- On the occasion of World Contraception Day this Tuesday, we asked ourselves: if an effective male pill were to be put on the market, would women give up their own contraception? We asked our readers about this topic.
- “I have never been able to fully trust my partner, who can keep forgetting his keys or papers,” says Alice, 45.
- But for Marina (33), the excuse for forgetting does not apply. “Even a woman can forget. »
The male pill, or the long-awaited grail. A team of scientists announced last March that they had developed male contraceptive pill without hormones 99% effective in mice. Although none are ready to be marketed yet, 20 minutes, we like to dream. And we pushed the reasoning a little further.
On the occasion of World Contraception Day this Tuesday, we asked ourselves: if an effective male pill were created, would women give up IUD, their implant or their own pill? According to the answers to our call to testifys, no less certain.
Fear of pregnancy if you forget
For some of the women who responded to us, going off their own birth control will largely depend on the type of birth control their man is taking. “If what my partner is offered is a daily pill, I will not give up my contraception, because I am afraid that he will forget it and that in the end my body will pay the price,” confides Aude, 55 years old. On the other hand, if it was an implant or any other means without daily control, I would clearly stop my contraception. »
The fear of being forgotten seems to be omnipresent among the testimonies received. “I could never fully trust my partner who kept forgetting his keys or papers,” laments Alice, 45 years old. Because if the pill is not taken, only one of the two stomachs will be rounded. “How can you trust someone who won’t fully suffer the consequences of forgetting? “, insists the forty-year-old. According to Alexandra Afsary, a socio-anthropologist and research associate at the University of Applied Sciences of Western Switzerland, “this lack of trust is particularly linked to gender stereotypes, in which women are more responsible and men more impulsive. »
But that is not all. “The issue of trust is also very much related to gender socialization. women, from their first period, learned that they can have a child and that they must be careful, analyzes the socio-anthropologist. Often their mother takes them to the gynecologist to take pills and then they often return there every two years. This is not the case with men. For them, a child’s question is disembodied. »
But forgetting is not the only fear of women who decide to continue using their own contraception. Solenn, aged 30, would be particularly afraid that a man would lie to her by falsely claiming to be on the pill. “I would still continue with contraception to control what could happen. Because the baby behind my back would be a baby in my stomach, with all the consequences that an unwanted pregnancy entails. » A vision shared by a socio-anthropologist. “Contraception in the hands of women is above all power. The fact that men use contraception must not deprive women of their freedom of choice. »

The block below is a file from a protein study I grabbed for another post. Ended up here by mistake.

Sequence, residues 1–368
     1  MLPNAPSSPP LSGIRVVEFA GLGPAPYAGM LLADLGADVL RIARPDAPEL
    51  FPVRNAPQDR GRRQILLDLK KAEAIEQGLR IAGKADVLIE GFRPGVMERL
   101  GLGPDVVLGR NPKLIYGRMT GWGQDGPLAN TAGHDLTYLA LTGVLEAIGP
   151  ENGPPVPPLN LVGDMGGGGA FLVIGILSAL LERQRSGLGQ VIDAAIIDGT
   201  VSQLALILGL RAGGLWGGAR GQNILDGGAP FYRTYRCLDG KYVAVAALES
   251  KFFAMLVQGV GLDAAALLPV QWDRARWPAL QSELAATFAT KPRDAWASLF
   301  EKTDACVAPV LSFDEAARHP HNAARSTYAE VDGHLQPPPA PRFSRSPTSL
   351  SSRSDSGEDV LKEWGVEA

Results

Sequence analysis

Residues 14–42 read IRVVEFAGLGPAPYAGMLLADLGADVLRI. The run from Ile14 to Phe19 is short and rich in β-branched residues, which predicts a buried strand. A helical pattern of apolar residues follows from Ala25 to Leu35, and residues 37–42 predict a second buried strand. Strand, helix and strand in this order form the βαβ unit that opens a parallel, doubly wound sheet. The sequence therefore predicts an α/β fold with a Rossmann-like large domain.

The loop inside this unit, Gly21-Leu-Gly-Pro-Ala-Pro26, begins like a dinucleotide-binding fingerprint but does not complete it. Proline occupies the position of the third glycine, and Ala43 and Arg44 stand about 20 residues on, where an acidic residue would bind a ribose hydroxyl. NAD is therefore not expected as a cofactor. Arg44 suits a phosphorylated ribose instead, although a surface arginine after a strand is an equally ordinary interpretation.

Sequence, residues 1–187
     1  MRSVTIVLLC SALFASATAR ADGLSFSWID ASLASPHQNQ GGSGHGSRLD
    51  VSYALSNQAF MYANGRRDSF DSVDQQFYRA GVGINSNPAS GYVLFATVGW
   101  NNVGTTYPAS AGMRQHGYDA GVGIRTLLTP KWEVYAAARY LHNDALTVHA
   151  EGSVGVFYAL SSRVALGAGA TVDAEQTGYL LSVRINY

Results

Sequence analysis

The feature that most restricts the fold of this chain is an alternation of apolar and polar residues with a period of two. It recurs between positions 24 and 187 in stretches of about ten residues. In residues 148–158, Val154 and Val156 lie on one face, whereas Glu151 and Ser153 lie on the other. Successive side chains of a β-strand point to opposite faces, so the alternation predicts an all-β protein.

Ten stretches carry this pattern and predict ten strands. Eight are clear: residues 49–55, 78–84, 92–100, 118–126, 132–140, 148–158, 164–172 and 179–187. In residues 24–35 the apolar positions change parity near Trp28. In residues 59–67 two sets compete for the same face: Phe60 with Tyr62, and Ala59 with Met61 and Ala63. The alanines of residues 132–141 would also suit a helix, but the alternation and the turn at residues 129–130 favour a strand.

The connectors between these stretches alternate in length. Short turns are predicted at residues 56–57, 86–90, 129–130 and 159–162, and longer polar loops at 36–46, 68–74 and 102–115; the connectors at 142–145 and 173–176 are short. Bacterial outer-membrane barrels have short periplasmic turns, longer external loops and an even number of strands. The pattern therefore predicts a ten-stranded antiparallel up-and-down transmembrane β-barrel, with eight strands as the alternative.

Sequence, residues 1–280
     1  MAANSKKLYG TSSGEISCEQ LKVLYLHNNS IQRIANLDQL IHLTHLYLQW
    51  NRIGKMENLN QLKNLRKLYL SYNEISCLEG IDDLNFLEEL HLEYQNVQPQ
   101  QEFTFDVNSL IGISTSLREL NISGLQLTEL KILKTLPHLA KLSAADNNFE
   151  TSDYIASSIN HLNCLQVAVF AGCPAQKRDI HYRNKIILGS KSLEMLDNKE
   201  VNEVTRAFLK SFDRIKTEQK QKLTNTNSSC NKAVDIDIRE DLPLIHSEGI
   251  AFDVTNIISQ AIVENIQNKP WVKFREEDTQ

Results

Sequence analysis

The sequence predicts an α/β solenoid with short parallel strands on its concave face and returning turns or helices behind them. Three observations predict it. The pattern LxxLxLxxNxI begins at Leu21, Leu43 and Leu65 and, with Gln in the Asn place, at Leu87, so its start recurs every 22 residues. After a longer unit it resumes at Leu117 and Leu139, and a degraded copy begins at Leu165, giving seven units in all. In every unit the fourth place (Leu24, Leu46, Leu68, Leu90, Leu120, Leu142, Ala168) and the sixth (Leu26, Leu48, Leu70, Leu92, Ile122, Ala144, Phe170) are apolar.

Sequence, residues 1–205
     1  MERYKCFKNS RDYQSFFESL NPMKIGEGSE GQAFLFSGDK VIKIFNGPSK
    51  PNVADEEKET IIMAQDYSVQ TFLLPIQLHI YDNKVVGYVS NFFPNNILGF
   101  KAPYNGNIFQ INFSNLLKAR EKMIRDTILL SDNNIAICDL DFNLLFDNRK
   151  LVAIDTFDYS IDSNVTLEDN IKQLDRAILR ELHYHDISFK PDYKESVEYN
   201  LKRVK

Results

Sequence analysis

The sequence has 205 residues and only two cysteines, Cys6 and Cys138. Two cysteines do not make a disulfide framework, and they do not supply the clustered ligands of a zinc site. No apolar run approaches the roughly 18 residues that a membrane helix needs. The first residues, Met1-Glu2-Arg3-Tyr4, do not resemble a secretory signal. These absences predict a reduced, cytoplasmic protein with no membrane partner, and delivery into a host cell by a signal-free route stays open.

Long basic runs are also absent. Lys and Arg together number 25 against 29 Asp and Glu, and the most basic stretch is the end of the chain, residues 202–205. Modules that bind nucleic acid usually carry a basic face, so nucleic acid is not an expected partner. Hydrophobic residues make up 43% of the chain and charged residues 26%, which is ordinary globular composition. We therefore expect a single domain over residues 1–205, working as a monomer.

Is it primarily a question of the type of relationship we are in? Virginie, 47, makes a big difference between a companion and a one-night stand. “For relationships without a future, condom necessarily, not to get pregnant but also to preserve my health. » On the other hand, she would be happy to let her partner take responsibility for contraception. “I would prefer it to be divided. »
The male pill is “the dream of many women”, says Marina, 33 years old. “We have to take care of contraception, periods, pregnancies, childbirth, in short, everything related to medical issues. » So she would gladly let her man take his little daily pill. For her, the excuse of forgetting does not apply because “even a woman can forget.” »
Belt and shoulder straps
Some women are more mixed. “Two contraceptives are better than one or none”, believes Amira, 45 years old. The same speech for Solenna, 30 years old, who sees in it “double security for women. » “Better to have too much than too little.” »
Alexandra Afsary plussilk. According to the socio-anthropologist, contraception should not be seen as a one-sided tool. “It is still the same today, because the contraception that exists on the market is intended exclusively for women, but it is of recent date in the history of contraception. Before these medical methods, contraception was a couple’s business. Contrary to popular belief, the decline in birth rates began before the pill was approved, with methods such as the calendar or withdrawal (only 73% effective in practice, as we recall, compared to 92% for the pill and 99, 8% for IUD, according to WHO). »
So what to do? Alexandra Afsary advocates individual responsibility. “If a man does not want children, he must also take responsibility. This will involve different socialization, but also less gender-oriented sex education with the question condom reserved for men, and contraception for women. » A vision shared by Alice, 45 years old. “Men of my generation were never used to taking responsibility for this topic. Perhaps the next generations will understand the importance of this sharing, it is up to us to explain it to our children. » The message has arrived.